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An Amazon Best Book of November 2015: More revealing than most memoirs, more satisfying than a diary, Mary-Louise Parker’s Dear Mr. You is comprised of letters addressed to the men, both fictional and real, in her life. The letters, directed at the ‘you’ are unabated marvels of experience – at times gritty and unpolished, snappy and sad, romantic and heart pounding. There are the letters addressed to her daughter’s future boyfriend that release the snarl of a mother’s love; a raw apology to a cab driver who was the recipient of her rage; her mentor on the cusp of dying from AIDS with “that voice I could have poured on pancakes”; the beloved priest of her childhood answers the questions of her children; the lover who said “you would love me until you were ashes.” These moments, congested by the form of a letter, take on a level of unapologetic and unfettered intimacy that is intoxicating to read. Mary-Louise Parker is not just an award winning actress. She is a gutsy, bewitching writer whose stories will make you swoon, induce bawdy laughter, and puncture your deepest emotions. – Al Woodworth
Guest Review by Andrew Solomon
Photograph by Annie Leibovitz
Photograph by Tina Turnbow
“Dear Mr. You” comes as a revelation – actually, one revelation after another. Mary-Louise Parker’s book of memoiristic letters to some of the men in her life reads like a collection of first-rate short stories, varied in mood and tone but united by a perspective comprising gratitude, forgiveness, courage, and humor. Parker lives intensely and sees acutely; she has a warrior’s determination and a poet’s insight. I found myself reading this mesmerizing album of portraits like poetry, in fact: only a few letters at a sitting, the better to savor their resonances.
Parker recounts transforming episodes with some of her male heroes, among them a movement teacher, her acting mentor, the family priest (“who believed in God and still liked him”), the no-nonsense accountant who taught her how money works, the beekeeper next-door, and a former child soldier from Uganda. She depicts love affairs in all their ambivalence and fluctuating passions, and commemorates her most awful romantic relationships in an epistle to Cerberus, the mythical three-headed dog at the maw of Hell. She speculates about the hard-drinking Grandpa she never knew, and relives the relinquishment of her father’s body after his death. He was a three-war veteran with post-traumatic stress disorder who punched holes in the wall, and she misses him too profoundly to convey: “It would be like blue trying to describe the ocean.”
Here is the worst imaginable encounter between a pregnant woman and a New York City cabdriver with no idea where he’s going, here, a wishful meditation for a newborn baby boy. Here, even a note of apology to NASA “for repeatedly stating that you were a massive misuse of tax dollars and basically an oversized playground for those who like to wear antigravity suits.” She then admits (as men so rarely do), “I didn’t know what I was talking about.”
Parker’s recollections evoke the very nature of memory, their potent images never too fully limned, never lingering over the emotions they incite. “Dear Mr. You” reminds us what a glorious business life can be even at its worst, if you can tug it into the right frame of view. It makes me hope that my young son might grow up to be the sort of fellow worthy of a letter from someone the caliber of Mary-Louise Parker. I cannot imagine anyone worth knowing who would not fall in love with the shimmering vision at the core of this masterful book.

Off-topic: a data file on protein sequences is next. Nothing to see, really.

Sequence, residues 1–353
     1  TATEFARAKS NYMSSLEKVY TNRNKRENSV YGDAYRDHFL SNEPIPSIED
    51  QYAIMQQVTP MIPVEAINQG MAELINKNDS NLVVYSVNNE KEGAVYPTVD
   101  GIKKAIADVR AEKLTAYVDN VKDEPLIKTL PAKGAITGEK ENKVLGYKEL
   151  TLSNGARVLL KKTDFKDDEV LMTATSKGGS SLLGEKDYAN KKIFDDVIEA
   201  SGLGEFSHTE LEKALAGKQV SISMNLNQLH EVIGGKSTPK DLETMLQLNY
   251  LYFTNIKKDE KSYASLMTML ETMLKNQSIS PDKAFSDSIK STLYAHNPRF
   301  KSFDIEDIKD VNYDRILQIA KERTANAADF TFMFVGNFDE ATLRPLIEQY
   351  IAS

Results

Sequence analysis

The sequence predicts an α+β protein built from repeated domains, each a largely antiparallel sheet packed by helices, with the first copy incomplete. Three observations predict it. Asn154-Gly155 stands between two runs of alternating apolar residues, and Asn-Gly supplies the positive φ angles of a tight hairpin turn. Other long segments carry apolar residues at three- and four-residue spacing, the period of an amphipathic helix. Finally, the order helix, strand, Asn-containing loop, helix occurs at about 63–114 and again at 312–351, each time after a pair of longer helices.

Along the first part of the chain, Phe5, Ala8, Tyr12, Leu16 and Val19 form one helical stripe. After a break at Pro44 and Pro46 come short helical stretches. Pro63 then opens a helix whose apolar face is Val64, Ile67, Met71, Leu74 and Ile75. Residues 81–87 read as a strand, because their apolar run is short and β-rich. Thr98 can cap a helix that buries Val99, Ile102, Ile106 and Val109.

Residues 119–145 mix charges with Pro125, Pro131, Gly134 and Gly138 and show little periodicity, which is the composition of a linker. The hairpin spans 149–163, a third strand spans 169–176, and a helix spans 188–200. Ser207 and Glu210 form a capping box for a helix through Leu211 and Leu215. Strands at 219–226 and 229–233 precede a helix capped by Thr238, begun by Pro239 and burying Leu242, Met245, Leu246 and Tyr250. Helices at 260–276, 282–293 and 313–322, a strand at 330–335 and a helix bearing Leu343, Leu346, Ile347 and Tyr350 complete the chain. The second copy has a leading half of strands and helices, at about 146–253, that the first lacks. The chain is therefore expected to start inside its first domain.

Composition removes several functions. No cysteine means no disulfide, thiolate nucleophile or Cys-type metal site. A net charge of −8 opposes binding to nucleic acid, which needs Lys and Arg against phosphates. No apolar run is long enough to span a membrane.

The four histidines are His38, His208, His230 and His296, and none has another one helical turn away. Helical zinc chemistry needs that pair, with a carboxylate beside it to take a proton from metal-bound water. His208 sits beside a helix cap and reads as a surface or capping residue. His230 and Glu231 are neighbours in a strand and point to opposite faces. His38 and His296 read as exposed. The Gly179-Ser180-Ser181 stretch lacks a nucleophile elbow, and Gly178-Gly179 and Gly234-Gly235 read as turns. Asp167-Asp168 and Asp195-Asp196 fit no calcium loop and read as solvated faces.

(Weeds; Feed Me) [SUB ITA COL TASTO IN BASSO A DX DEL VIDEO]
Bokenkamp also said that he would love to have Mary-Louise Parker (Naomi), Paul Reubens (Mr. Vargas), and Ryan Eggold (Tom) back on the show pretty soon, but did not confirm any of their appearances yet. After learning that Tom and Reddington were
“From Frank McCourt to Jeannette Walls to Anjelica Huston, Scribner loves a great memoirist, and Mary-Louise Parker is one,” said Nan Graham, senior vice-president and publisher of Scribner in the statement. “Her writing is magnificent; the conceit – a
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Mary-Louise Parker is being replaced by Uma Thurman in the remake of the Australian miniseries The Slap. Parker, who is best known for playing the role of Nancy Botwin on Showtime’s original television series Weeds, was originally slated to play the part ...
Parker, who was chosen to play the lead role of Anouk, had to pull out from the production because she's recovering from pneumonia, according to TVLine. Thurman will step in for the role, which was originally portrayed by Essie Davis in the 2011 series.
LOS ANGELES, Nov. 4 (UPI) --Uma Thurman will replace Mary-Louise Parker in the U.S. remake of the Australian mini-series The Slap. Parker, who was chosen to play the lead role of Anouk, had to pull out from the production because she's recovering from ...
Actress Mary-Louise Parker will tell her life story through a series of letters penned to the most important men in her life—so exes Billy Crudup and Jeffrey Dean ...
Mary-Louise Parker, Actress: Weeds. Southern-bred Mary-Louise Parker, from Fort Jackson, South Carolina, was born on August 2, 1964, the youngest of the family's brood.
мэри-луиз паркер (mary-louise parker). Биография, фильмография, обои, факты из жизни, коллекция ...
Mary Louise Parker is guest starring on the hit NBC show The Blacklist on Monday night. Parker plays a mysterious character Naomi Highland, because few details have ...